What man is this? Inspiring lives
To gain a greater understanding of the impact of Jesusí life and teaching by considering the great works of literature, music and art that he inspired.
by Laurence Chilcott
Suitable for Whole School (Sec)
To gain a greater understanding of the impact of Jesus’ life and teaching by considering the great works of literature, music and art that he inspired.
Preparation and materials
- This assembly will be enhanced by the use of interactive resources to illustrate the work of some of the individuals mentioned in the assembly, and some of the works inspired by the life of Christ.
- Prepare extracts from great musical works (such as in 3. below), including religious music, to be played at the appropriate time.
- Display images of famous cathedrals and churches.
- Display a selection of Christian writings and Bibles.
- Display images of famous religious/secular works of art, as they are mentioned.
- Throughout history, people have been remembered by their achievements. The names of people who lived hundreds of years ago are still familiar to us because of the great works that they have left behind.
- Artists like Leonardo da Vinci, who painted the Mona Lisa; Michelangelo, who painted the ceiling of the Sistine Chapel; and Picasso, who painted the Weeping Woman: they are recognized as great painters of their day and original works by any of them would sell for millions of pounds today. Damien Hirst, a modern artist who has used dead animals to create his art, may or may not be remembered as a great artist in the future.
Sometimes the work of great artists is only recognized after their death. Vincent Van Gogh sold only one painting (The Red Orchard) during his lifetime, but he has become one of the most popular expressionist painters and many children will have copied his ‘sunflower’ paintings in schools all over the country.
- Orchestras still play music by composers who lived hundreds of years ago: Mozart, for example, who was writing music from the age of five, and in later life wrote many piano concertos and operas, such as The Marriage of Figaro and Don Giovanni. Handel’s music was sung at the coronation of Queen Elizabeth II (Zadok the Priest); Beethoven composed some of his greatest works when he was almost completely deaf. The music of Johann Sebastian Bach was not fully appreciated until some 80 years after his death.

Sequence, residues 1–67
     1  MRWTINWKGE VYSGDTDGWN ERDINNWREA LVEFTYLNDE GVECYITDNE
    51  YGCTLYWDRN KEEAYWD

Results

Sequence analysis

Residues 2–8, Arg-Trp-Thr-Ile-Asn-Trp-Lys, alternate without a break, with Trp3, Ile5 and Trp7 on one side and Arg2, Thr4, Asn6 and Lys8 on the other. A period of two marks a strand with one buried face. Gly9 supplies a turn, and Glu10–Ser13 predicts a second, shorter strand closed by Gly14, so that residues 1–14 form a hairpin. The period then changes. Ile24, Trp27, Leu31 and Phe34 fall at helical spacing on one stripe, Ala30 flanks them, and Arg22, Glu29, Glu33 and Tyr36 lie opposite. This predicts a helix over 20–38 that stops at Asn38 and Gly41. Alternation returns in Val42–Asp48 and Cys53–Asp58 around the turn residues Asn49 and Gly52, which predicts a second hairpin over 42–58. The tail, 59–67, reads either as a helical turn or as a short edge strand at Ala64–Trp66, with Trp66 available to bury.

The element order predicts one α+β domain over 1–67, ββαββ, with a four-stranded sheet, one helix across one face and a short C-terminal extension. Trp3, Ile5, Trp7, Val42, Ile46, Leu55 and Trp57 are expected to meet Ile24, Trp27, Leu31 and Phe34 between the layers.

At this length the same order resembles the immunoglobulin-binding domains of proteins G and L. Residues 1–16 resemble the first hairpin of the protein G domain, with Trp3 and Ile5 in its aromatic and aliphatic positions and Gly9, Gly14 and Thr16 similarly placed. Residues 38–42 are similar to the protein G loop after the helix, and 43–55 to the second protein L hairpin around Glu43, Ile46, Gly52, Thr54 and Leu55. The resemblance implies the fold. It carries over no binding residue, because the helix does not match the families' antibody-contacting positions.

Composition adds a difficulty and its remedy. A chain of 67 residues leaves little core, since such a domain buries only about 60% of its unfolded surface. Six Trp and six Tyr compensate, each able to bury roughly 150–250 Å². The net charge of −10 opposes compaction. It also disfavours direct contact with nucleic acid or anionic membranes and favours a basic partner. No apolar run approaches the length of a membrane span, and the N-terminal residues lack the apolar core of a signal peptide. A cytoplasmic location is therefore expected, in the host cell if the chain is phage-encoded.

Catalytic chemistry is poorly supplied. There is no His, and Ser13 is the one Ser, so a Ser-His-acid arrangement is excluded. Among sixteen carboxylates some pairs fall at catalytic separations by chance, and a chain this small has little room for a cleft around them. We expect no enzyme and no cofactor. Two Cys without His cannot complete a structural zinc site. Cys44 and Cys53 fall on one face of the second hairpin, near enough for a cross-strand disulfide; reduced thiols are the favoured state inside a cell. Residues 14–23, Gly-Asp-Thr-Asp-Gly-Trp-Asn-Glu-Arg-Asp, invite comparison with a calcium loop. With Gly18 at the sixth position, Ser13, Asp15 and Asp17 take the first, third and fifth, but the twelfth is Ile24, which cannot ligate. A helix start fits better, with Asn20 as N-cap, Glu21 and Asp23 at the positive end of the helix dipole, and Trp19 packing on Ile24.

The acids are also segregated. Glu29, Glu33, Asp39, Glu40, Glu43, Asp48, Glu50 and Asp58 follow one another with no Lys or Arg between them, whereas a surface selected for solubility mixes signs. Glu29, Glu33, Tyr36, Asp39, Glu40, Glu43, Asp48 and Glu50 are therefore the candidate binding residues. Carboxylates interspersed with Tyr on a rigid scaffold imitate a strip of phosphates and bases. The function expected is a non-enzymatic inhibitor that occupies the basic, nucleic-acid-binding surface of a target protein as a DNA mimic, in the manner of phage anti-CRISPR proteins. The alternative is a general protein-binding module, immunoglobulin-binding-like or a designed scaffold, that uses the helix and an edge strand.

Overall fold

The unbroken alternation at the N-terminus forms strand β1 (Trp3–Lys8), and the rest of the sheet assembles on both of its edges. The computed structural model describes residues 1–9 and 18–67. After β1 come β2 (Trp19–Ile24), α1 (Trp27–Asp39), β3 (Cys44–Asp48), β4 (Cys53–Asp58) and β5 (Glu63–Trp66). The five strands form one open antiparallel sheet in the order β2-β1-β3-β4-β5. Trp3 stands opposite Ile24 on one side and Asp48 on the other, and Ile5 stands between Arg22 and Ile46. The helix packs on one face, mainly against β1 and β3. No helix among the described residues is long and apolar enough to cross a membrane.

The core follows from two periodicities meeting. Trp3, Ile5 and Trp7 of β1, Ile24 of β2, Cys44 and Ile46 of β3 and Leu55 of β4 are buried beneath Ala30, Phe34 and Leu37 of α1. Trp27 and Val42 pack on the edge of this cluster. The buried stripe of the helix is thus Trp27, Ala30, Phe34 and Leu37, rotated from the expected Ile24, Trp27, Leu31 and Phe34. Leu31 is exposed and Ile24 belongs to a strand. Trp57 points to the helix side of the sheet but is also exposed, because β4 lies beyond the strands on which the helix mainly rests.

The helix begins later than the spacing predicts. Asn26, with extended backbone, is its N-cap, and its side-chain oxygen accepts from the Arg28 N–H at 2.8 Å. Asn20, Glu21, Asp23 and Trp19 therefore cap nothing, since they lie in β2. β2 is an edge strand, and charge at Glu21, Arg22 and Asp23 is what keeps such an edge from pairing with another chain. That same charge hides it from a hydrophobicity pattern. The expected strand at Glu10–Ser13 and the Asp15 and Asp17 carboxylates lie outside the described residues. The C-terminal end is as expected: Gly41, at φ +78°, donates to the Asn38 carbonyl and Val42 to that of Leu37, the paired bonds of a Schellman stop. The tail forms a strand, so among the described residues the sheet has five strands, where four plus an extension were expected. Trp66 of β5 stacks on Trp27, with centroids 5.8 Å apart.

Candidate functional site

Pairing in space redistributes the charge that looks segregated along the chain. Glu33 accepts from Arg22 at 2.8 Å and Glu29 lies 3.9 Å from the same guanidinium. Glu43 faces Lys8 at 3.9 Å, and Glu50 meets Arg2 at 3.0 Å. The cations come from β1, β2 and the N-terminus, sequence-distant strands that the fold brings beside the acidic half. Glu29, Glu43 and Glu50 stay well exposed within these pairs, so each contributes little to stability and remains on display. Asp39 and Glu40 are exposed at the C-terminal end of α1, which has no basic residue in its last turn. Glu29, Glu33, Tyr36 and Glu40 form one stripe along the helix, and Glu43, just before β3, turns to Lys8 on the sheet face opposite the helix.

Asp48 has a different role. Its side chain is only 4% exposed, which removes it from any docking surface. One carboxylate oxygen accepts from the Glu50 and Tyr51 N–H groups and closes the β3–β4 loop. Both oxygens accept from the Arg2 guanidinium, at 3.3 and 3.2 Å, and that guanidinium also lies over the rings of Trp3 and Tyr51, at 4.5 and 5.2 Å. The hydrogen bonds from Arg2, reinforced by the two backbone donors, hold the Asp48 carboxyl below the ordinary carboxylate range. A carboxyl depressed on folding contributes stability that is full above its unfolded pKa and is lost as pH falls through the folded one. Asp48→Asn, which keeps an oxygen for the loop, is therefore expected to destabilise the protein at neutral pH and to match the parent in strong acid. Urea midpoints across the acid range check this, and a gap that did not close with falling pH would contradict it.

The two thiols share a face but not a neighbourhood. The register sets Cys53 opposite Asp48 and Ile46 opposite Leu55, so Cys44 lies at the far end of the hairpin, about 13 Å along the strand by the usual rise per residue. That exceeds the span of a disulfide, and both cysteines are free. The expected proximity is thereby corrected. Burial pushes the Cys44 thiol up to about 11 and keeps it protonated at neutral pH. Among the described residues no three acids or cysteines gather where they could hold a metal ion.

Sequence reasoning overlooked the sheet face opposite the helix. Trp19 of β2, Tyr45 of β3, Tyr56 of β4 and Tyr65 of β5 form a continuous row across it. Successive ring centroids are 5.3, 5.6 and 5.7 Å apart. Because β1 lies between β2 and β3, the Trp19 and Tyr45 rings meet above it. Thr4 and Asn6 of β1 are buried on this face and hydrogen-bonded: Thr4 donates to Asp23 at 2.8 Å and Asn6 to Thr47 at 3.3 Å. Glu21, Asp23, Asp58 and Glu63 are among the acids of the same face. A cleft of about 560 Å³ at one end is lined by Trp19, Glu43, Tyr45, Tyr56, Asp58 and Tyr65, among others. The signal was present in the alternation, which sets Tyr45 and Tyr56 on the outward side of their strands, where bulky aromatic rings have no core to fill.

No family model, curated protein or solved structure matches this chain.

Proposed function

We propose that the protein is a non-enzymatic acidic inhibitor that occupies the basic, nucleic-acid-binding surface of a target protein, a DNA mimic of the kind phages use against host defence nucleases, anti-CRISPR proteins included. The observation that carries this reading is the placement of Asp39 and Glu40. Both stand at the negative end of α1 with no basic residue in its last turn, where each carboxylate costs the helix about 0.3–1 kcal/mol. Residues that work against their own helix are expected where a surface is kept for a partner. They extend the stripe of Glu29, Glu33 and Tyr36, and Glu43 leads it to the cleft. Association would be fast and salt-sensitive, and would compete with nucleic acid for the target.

- The name of Christopher Wren is famous for his design for St Paul’s Cathedral in London. He is buried in St Paul’s, and on his grave is written: ‘If you seek his monument look around you.’ Another architect, Antoni Gaudi, designed La Sagrada Familia (The Sacred Family) cathedral in Barcelona. He worked on it throughout his life, and so complicated and elaborate was his design that the work is still going on over 70 years after his death; it is not expected to be completed until 2026.
- Works by authors like William Shakespeare and Charles Dickens are still studied by school children and scholars around the world. They have died, but their work lives on after them.
- And what of Jesus Christ? He never painted a picture – but artists have painted more pictures and scenes from his life than of any other person. (You could display some examples here.)
He never composed a piece of music – but more music has been inspired by his life than by anyone else. (You could play some religious music here.)
He never designed a building – but some of the most beautiful and inspiring buildings of the world have been built to glorify him. (You could display pictures here.)
More words and more books have been written about him and his teachings than about any other person – but the only writing he ever reportedly did was in the sand, before he saved a woman from a cruel punishment. (Bibles and Christian writings could be displayed here.)
- Christ’s ministry lasted only three years, but over 2,000 years later he is still remembered; remembered not for what he left behind, but for who he was and what he did. Christians believe that he was the son of God and that he came to show God’s love for the world; he died and rose again, giving hope and confidence to all who believe and trust in him.
Time for reflection
Who do you think is the greatest living person? What is it that you think makes them great?
What would you like to be remembered for?
Discuss who, of today’s ‘celebrities’, students think are likely to be remembered in the future.
Which children’s books do they think will be read by future generations?
Consider some of the things Jesus said about possessions, love of others, forgiveness, humility. How do we respond to his words today?
The lives of some of the ‘greats’ of the past can be considered in the light of their achievements and the legacy they left for us today.
We thank you for people in the past who have inspired others
and created great works of art and literature.
We thank you for people who today inspire us to do our best
and use the talents we have wisely.
We especially thank you for Jesus,
who is the example of perfect love and obedience.
May we, day by day, try to follow his example
and remember his love for each one of us.
Play some of the music mentioned in this assembly as the students leave.